In 2012, Tarantino first said, “my scripts are novels”. In 1994 he had won the Academy Award for Django Unchained for best screenplay and has continued developing mind-blowing scripts. He believes that writes this novel in the form of a script and every day he comes on set and adapts the novel into a film. As mentioned before, when people in the screenwriting or film space vocally call for literary recognition it automatically creates discussion around the same. He recognizes that the script is not just a mere means for him to achieve his film production process. In a 2012 BBC interview, he states ” I don’t write a blueprint that the movie’s going to be and I follow it and make the finished film, I want the script to work as a piece of literature.”
In his script, he can enjoy the writing and reading separately while also being able to place due focus on the film. In 2020, Tarantino signed a two-book deal with Harper Collins, to publish his novelization of Once Upon A Time in Hollywood and another work of non-fiction. When screenwriters focus on publishing other traditional literary works, it is more likely that their published screenplay will also gain more recognition. One of the best-selling published screenplays to date is Django Unchained and the 1996 film Trainspotting written by Irwin Welsh. Tarantino’s approach to screenwriting and the respect he places on his writing has inspired young screenwriters and filmmakers to be actively looking at ways to get recognition for the screenplay as literature.
Copyrighting your work in the 21st century, in an increasingly competitive field of the film has become a matter of utmost significance. Hollywood or any film industry for that matter is notoriously known for stealing ideas and not giving credit where it is due. If your ideas are sold or brought to Hollywood, then you must ensure that you are given due recognition for your work. Before distributing the script to studios, agents, and production companies one should copyright the screenplay to protect one’s ideas. A fully completed script with a clear plot outline will be eligible for copyright protection.
In 2015, Tarantino faced a $100 million claim of copyright charges for his film Django Unchained which was allegedly copied from an original screenplay called ‘Freedom’ by scriptwriters Oscar Colvin Jr and Torrance J Colvin.  The script for Freedom was registered to the Writers Guild of America in 2004 and through many agencies had published the script online. Allegedly there were stark similarities between freedom and Django Unchained and the key plot lines were taken away for which they demanded due compensation.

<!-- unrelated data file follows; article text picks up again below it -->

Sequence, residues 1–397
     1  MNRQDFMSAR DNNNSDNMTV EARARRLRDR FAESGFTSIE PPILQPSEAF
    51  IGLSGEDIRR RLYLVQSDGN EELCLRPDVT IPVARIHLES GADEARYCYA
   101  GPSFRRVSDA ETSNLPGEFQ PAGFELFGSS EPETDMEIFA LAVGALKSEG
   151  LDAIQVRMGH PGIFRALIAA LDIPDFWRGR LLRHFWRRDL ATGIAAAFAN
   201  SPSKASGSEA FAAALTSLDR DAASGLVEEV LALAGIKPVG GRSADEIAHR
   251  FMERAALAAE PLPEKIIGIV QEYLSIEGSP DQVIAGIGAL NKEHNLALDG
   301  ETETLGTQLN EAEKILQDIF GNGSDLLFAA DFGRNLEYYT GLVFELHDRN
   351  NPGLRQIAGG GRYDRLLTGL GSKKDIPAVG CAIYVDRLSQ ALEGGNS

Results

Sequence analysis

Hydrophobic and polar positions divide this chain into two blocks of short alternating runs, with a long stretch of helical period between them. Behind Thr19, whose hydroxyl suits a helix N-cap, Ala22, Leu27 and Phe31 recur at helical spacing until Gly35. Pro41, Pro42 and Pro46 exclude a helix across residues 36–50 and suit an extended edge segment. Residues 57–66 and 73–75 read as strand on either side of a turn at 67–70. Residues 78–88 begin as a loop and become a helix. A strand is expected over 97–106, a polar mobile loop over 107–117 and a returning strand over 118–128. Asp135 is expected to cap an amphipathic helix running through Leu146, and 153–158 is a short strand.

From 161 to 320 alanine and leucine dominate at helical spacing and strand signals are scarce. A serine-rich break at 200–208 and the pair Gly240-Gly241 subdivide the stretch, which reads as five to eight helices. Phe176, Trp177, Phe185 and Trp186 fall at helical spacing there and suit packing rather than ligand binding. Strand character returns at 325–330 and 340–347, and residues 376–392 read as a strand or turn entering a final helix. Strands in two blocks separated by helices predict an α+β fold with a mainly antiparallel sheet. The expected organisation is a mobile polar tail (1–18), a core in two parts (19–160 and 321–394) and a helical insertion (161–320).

Copyright claims can affect the publication of screenplay and cause immense delay and cause the public to lose interest. Sometimes false claims of copyright can be filed to gain attention through dragging a famous figure. This is why nowadays; all filmmakers and production studios pay millions of dollars on a legal team so that they face no turbulences in the future.
The screenplay has been influenced by politics, economics, and industry changes. It has evolved as a respectful creative form that can truly have the autonomy it deserves. There needs to be an increase in the acknowledgment of screenplay in the academic sphere that will spearhead genre recognition. It should not be dismissed instantly and the material we have witnessed from screenwriters, across the globe from all languages has been phenomenal.
 F. Dennis Lynch, The Evolution Of A Film Script, 17 Journal of the University Film Producers Association 10, 10 (1965).
 United States v. Paramount Pictures, Inc., 334 U.S. 131
 Kevin Alexander Boon, The Screenplay, Imagism, and Modern Aesthetics¸36 Literature/Film Quarterly 259, 259 (2009)
 Anonymous, Quentin Tarantino: “ My scripts are novels”, BBC News ( Jan 18, 2022, 7:40 am), https://www.bbc.com/news/entertainment-arts-20711077
 Mike Fleming, Quentin Tarantino Sets Two-Book HarperCollins Deal¸ Deadline (Jan 18, 2022, 8:00 am), https://deadline.com/2020/11/quentin-tarantino-two-book-deal-harpercollins-novel-once-upon-a-time-in-hollywood-cinema-speculation-70s-movie-deep-dive-1234616927/
 Jessica Goodfellow, Quentin Tarantino faces copyright claim of $100m for Django Unchained, The Drum ( July.18, 2022, 9:00 am ), https://scroll.in/latest/801192/quentin-tarantino-sued-for-copyright-violations-in-django-unchained